FDA broadens warnings over recalled Cardinal Health syringes

Just a week after issuing a notice giving its most serious rating to Cardinal Health’s recall of certain syringes, the FDA has put out a letter to healthcare providers warning that the recall may not go far enough.

Cardinal began the recall in September, when it alerted customers to the possibility that some of its single-use, luer-lock tip Monoject syringes were incompatible with syringe pumps and could therefore lead to underdoses or overdoses of pump-delivered medications and fluids as well as delays in proper therapy or missed occlusion alarms.

The devicemaker traced the issue back to differences in the manufacturing of the syringes that gave them slightly different dimensions than their predecessors, which had been sold with Covidien branding—since the Monoject line of syringes were previously distributed by the Medtronic subsidiary before they were acquired by Cardinal several years ago.

The company warned healthcare providers not to use the affected Cardinal-branded syringes, more than 32.4 million of which were distributed in the U.S. between June and August of this year.

In last week’s notice, which gave the recall a Class I rating, the FDA noted that Cardinal had received 15 reports of delays in syringe pump therapy and 13 reports of inaccurate medication dispensing, some of which reportedly led to unspecified patient injuries, related to the faulty syringes.

Monday, the FDA issued a follow-up warning, suggesting that the issues with Cardinal’s syringes may reach even further than previously described.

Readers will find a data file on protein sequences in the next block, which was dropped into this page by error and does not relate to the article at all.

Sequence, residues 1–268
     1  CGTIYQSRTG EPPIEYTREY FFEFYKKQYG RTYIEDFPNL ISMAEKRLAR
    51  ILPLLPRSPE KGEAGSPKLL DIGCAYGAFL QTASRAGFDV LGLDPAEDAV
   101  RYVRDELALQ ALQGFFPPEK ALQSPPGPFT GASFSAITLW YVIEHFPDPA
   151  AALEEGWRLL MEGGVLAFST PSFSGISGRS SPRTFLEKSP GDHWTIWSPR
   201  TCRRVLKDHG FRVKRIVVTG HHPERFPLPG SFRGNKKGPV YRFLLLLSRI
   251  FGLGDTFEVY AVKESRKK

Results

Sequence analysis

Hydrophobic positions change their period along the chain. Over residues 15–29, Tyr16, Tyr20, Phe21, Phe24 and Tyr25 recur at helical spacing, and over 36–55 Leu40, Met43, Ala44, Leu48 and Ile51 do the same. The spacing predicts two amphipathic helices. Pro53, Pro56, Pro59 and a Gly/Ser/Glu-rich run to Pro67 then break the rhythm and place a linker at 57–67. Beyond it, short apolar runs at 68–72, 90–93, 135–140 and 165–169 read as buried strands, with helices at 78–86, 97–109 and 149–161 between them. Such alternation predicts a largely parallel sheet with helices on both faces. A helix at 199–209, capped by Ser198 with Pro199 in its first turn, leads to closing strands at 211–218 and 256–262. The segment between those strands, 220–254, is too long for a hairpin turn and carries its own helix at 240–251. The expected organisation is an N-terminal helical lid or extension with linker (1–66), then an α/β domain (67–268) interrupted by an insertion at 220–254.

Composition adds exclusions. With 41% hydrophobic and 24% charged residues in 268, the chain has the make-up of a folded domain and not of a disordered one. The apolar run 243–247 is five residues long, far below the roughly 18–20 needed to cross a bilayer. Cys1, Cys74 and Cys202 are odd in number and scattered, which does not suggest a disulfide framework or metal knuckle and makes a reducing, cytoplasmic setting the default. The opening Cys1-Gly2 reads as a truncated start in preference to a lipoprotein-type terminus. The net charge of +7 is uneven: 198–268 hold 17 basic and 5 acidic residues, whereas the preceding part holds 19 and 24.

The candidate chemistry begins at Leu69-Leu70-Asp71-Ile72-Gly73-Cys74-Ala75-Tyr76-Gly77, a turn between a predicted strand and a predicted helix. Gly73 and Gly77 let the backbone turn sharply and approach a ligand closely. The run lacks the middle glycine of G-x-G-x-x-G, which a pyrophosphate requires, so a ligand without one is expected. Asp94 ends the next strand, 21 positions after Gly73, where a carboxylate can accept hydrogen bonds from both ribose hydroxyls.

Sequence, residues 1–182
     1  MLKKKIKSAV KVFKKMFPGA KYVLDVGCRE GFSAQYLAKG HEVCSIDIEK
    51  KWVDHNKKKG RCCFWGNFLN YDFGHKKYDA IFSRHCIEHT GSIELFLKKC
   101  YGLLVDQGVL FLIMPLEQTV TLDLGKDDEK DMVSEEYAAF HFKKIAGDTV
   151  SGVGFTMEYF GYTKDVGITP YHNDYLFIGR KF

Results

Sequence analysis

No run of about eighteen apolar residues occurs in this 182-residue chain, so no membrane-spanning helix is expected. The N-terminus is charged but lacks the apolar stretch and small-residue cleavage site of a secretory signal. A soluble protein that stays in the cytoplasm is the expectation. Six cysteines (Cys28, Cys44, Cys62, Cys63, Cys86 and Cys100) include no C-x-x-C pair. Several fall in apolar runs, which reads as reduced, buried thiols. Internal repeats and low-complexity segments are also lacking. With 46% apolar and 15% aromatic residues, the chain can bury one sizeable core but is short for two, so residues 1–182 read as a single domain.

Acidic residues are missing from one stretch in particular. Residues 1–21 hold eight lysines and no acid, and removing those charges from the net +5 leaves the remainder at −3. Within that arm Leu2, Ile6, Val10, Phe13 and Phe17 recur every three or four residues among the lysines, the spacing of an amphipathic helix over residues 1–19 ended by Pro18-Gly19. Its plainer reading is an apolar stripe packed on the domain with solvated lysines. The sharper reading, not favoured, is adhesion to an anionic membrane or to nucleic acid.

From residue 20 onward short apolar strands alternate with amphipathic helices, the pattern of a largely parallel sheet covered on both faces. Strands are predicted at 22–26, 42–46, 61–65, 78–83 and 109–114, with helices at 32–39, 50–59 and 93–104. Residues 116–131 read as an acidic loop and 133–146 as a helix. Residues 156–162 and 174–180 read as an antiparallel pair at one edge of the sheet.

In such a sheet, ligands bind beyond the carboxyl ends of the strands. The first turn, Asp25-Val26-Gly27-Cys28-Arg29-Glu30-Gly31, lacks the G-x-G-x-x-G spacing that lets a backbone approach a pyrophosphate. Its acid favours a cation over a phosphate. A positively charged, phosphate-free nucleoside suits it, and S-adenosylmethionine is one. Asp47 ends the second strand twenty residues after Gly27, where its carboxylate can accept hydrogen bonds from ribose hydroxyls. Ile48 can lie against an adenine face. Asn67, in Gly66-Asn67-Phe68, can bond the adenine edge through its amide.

For one thing, the agency recommended that the affected Monoject syringes not be used with patient-controlled analgesia (PCA) pumps, in addition to syringe pumps. While syringe pumps are similar to infusion pumps and automatically dole out needed doses of medications, blood and other fluids—albeit in smaller quantities than infusion pumps—PCA pumps allow hospitalized patients to control the delivery of pain medication themselves using a hand-held button.

In the Nov. 20 notice, the regulator acknowledged Cardinal’s previous warnings about the syringes’ incompatibility with syringe pumps but added, “the FDA has concerns that the information provided by Cardinal Health has not sufficiently mitigated the risk of incompatibility when Cardinal Health Monoject syringes are used with other pumps, specifically PCA pumps.”

The FDA went on to suggest that the incompatibility at the heart of the recall “could apply to additional sizes of Cardinal Health Monoject syringes” beyond those already noted by Cardinal.

To date, the recall includes 1-, 6-, 12-, 20-, 35- and 60-mL sizes of Cardinal-branded, luer-lock tip Monoject syringes. The company also sells 10- and 140-mL versions of its standard syringes, and all are available in either sterile or non-sterile iterations, with several tip designs to choose from.

The FDA said it’s currently working with Cardinal to determine the full scope of the recall. In the meantime, it advised healthcare providers to stop using Cardinal-branded Monoject syringes with both PCA and syringe pumps but noted that Covidien-branded syringes are still safe to use.